Francis: The Pope from the End of the Earth (Saint Benedict Press) by Thomas J. Craughwell releases April 23. It’s a gift book printed on enamel paper and featuring many photographs from the new pope’s life. Rick Rotondi, v-p of new business development at Saint Benedict Press and TAN Books, says the Polish rights already have been licensed, and other foreign partners are expected to sign on. “Our purpose is to make the truth of the Catholic faith engaging and accessible, and we’ve found a great model in Pope Francis,” Rotondi says.
Pray for Me: The Life and Spiritual Vision of Pope Francis, First Pope from the Americas (Image, Apr. 30) by Robert Moynihan offers the unique perspective of the founding editor of Inside the Vatican magazine. Moynihan has covered the Vatican for more than 20 years. “Readers will get the facts they need to know about Pope Francis,” Gary Jansen, editor at Image, says. Image plans to “promote the book widely” and “to the fullest extent.”
Also from Image comes the English-language version of Between Heaven and Earth: Pope Francis on Faith, Family and the Church in the 21st Century (May 7). The book is co-written by Pope Francis and Abraham Skorka, rector of the Latin American Rabbinical Seminary in Buenos Aires, and is based on conversations between the two men.
Pope Francis: The Vicar of Christ, From Saint Peter to Today by the editors of LIFE magazine is currently on newsstands in bookazine form; the hardcover releases on April 16. The book includes photographs from Pope Francis’s inauguration day, as well as from his early life. It will also feature a brief history of the papacy and of the Vatican.
For readers hoping to learn more from the pontiff himself, Pope Francis in His Own Words (New World Library, May) offers them a chance to experience the new pope through hundreds of quotations.
Francis: Man of Prayer (Thomas Nelson, May 14) by Mario Escobar offers the pope’s biography as well as “some of the history behind the Jesuits and the conclave itself,” says Matt Baugher, senior v-p and publisher of the W Publishing division of HarperCollins Christian Publishing. Baugher emphasized Escobar’s international perspective: “We wanted something that represented a more worldly view than an American writer might give.”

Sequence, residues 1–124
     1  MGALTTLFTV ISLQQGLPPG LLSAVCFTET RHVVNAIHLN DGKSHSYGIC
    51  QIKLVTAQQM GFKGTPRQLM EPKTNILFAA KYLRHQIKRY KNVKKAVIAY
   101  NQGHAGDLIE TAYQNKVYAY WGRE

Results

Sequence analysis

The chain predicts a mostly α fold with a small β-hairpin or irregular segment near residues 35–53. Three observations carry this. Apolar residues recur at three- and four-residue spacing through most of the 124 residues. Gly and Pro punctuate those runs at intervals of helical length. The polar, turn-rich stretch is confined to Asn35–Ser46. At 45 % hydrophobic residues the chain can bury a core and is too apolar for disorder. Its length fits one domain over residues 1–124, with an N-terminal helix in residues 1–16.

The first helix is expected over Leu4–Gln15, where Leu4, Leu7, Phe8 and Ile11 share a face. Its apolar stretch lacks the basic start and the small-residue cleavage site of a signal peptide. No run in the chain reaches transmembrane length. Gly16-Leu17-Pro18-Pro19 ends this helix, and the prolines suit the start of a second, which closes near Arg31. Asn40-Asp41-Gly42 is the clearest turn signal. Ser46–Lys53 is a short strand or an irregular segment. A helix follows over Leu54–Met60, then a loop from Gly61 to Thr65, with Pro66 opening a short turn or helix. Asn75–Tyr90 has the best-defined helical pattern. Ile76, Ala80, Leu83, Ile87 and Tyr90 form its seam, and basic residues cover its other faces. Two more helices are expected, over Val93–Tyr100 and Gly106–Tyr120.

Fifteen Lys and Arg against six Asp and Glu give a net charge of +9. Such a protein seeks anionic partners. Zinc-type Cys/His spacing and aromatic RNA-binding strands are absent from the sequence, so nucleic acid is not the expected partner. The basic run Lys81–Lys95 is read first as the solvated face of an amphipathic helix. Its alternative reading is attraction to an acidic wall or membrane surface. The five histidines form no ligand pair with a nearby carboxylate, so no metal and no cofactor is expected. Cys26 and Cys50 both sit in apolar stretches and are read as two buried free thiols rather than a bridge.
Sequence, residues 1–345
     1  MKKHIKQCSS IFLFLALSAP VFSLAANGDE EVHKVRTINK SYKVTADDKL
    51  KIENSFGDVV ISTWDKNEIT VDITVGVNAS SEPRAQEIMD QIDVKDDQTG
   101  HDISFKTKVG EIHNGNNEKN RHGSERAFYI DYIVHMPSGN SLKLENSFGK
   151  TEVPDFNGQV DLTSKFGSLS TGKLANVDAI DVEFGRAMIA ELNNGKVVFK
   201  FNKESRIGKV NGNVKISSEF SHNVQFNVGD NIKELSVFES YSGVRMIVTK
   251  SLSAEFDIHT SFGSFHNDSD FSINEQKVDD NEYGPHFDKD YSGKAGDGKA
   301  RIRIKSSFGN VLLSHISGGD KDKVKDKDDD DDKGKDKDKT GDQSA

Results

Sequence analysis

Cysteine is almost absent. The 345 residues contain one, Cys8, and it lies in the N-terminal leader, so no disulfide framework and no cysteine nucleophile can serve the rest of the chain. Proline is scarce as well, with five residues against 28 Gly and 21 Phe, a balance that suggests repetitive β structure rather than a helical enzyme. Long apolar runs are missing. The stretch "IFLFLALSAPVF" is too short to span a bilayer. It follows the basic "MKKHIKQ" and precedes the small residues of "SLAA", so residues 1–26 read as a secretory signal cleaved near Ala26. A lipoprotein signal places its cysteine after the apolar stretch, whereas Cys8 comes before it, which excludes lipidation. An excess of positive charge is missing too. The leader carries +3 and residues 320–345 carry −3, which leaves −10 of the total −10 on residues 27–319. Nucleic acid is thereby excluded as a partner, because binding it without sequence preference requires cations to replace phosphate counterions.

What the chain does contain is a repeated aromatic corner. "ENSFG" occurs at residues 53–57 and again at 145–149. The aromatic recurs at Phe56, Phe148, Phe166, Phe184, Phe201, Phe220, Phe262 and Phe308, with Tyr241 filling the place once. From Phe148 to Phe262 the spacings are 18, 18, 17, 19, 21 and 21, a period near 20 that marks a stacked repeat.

Spanish publisher Ediciones B has sold the translation rights to Pope Francis: Conversations with Jorge Bergoglio by Sergio Rubin and Francesca Ambrogetti to 21 foreign publishers. The book was originally published under the title The Jesuit in Buenos Aires; English-language rights were acquired by Putnam at auction.
Pope Francis: From the End of the Earth to Rome (Apr. 16) is an e-book published through a collaborative effort by HarperCollins and the Wall Street Journal (both of which are owned by News Corp.). “The plan is to publish an authoritative biography from a trusted source as quickly as possible,” says HarperCollins editor Michael Signorelli. “The Wall Street Journal has brought significant resources to bear, and many writers have contributed original reporting to the book.”
And Looking Back at Benedict….
John Thavis, a Vatican correspondent for 30 years, noticed last fall that Pope Benedict had few events scheduled for the coming year and guessed that his resignation was coming. As a result, his The Vatican Diaries was published by Viking in February, a stroke of perfect timing that put the book on the New York Times bestseller list on March 17, debuting at #16.
David Gibson writes about the first Pope Emeritus in Pope Benedict XVI: Weighing a Papacy (Paulist Press, Feb. 26), an e-book that serves as a retrospective seeking to “put in historical context what Benedict did for the church and the world and what that might mean for the future,” says Donna Crilly, managing editor at Paulist Press.
The Trial of Pope Benedict (Arsenal Pulp Press, June 18) by Daniel Gawthrop takes a more provocative approach, says Brian Lam, publisher of Arsenal Pulp Press, who describes the book as “a serious critique of the Catholic Church, specifically regarding Pope Benedict’s reign and how he quashed progressiveness within the institution, both as pope and in the decades preceding his installment.” Gawthrop says the book will also examine the issues the new pope is facing.